Cartee, who has maintained his relationship with FDTC for two decades now, says that person can change over the years. “If you have someone in the role of developing opportunities for students, typically they don’t volunteer for that unless their heart’s in the right place,” he said.
Start with a phone call (but don't stop there)
If you’re trying to make contact with an area school for the first time, with no prior connection, you might be asking: but where do I start?
Cartee suggests starting with a phone call. “It could be as simple as calling the front office and saying, who would I need to talk to to find students that could fill roles in my company,” he said. “I wouldn’t start with an email—just pick up the phone. That’s how we started back in 2002 when we hired our first intern.”
Asking for program changes, such as developing an apprenticeship program or getting SDS2 training into the curriculum, will probably require more follow through.
And when push comes to shove, you might have to put your money where your mouth is. That could mean making donations—to infrastructure, computers, equipment, or general purpose funds. Or it could simply mean consistently recruiting and hiring students and offering your time and insights as an employer.
“It doesn’t have to be huge money,” Owen said. “You just need to be a supporter and a partner.”
An important thing to remember when working with schools is that they tend to move a lot slower than businesses do. “It’s easy to give up with the bureaucratic processes many schools have,” Owen said.
For Dr. Dana Nichols at Georgia Highlands College, establishing a new BIM program took two and a half years. College administrators and accreditation bodies all had to approve of the program and curriculum—and before that, they had to understand it.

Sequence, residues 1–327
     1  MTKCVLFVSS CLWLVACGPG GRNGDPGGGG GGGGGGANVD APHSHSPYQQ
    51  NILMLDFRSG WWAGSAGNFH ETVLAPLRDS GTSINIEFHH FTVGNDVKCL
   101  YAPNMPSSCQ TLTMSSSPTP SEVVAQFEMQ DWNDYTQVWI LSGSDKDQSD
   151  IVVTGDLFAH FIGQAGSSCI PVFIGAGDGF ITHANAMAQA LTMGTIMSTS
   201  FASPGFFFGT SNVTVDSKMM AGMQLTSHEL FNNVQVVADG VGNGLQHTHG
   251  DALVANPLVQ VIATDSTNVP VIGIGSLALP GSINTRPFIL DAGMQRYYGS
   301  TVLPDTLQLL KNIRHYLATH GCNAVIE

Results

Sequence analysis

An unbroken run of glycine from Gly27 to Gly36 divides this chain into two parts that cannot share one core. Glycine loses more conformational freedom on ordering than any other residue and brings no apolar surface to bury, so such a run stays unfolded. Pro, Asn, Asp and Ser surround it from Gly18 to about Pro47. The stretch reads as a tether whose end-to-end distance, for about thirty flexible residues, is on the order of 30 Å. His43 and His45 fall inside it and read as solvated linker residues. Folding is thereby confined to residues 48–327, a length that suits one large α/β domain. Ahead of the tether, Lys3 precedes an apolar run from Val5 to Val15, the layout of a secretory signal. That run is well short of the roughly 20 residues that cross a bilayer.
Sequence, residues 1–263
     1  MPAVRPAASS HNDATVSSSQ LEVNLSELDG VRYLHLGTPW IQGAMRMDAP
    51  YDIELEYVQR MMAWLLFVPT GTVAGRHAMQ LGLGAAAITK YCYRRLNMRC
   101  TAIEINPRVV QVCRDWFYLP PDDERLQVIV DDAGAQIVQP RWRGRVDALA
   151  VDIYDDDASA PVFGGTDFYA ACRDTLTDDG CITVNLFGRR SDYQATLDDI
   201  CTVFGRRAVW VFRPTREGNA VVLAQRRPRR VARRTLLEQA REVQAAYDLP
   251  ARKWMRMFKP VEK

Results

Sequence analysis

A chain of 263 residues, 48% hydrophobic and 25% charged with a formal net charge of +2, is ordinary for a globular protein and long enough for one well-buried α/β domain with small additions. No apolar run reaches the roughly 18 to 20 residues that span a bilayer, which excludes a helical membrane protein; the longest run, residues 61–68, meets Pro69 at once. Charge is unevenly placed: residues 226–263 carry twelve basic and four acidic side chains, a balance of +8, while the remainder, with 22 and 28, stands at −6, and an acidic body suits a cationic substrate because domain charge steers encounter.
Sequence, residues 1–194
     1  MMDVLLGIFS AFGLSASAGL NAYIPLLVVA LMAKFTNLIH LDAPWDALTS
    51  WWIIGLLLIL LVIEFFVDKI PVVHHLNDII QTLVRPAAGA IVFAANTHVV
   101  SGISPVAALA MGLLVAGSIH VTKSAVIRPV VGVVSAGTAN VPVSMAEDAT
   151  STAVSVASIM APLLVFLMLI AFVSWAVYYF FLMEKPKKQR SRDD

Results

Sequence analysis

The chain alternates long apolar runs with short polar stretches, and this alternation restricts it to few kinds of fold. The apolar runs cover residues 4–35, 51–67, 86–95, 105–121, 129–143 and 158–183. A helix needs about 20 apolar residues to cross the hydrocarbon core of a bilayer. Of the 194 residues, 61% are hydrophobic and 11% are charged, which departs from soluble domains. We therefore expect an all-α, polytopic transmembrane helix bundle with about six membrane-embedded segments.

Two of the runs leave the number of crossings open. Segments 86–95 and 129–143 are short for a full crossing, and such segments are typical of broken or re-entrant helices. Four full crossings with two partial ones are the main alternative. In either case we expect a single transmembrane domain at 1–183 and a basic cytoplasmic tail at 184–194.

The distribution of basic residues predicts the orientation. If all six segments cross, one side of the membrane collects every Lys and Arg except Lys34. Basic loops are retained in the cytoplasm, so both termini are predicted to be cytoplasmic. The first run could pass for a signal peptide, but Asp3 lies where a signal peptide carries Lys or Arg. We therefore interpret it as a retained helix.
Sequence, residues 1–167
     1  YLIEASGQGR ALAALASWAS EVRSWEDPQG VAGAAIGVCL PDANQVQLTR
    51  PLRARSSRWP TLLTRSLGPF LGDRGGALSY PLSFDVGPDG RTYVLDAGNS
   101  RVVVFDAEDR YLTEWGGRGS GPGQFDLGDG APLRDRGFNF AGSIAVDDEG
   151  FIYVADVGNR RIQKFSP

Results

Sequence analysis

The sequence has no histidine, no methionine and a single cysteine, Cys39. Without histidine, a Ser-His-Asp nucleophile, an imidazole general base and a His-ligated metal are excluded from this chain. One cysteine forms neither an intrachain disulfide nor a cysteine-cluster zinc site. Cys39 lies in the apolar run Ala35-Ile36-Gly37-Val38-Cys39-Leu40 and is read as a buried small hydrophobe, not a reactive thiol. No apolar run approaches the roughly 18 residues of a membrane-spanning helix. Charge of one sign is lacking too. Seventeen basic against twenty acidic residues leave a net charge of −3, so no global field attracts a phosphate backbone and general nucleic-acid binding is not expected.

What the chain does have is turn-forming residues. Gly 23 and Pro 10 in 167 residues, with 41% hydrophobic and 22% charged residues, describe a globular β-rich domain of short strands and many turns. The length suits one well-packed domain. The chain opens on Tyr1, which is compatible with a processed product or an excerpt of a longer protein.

“People in higher education didn’t fully understand what building information modeling management was,” Nichols said. “We first had to launch an education campaign as to why we were trying to build this particular bachelor’s degree. That was surprisingly our biggest challenge.”
“It’s like anything that’s done effectively,” Owen said. “You start with an agenda, and you have action items. You schedule when the next meeting is, and then you carry it through to completion.”
And like any good relationship, it requires a give and take. Throughout the process, it helps to make sure both parties know what’s at stake for them.
So: why does SDS2 and other BIM software belong in schools?
For schools, Nichols said, “Hands on training with industry software is critical—otherwise we’re teaching theory, we’re not teaching reality. We want to produce graduates who are familiar with all of the major software platforms they might encounter as they enter the workforce.”
That’s exactly what employers want, too. More new talent equipped with real-world experience and skills.
With SDS2 training now implemented at FDTC, Cartee said he thinks more people will be interested in steel industry careers. “Once they’re exposed to SDS2, I think there will be a flood of applicants,” Cartee said.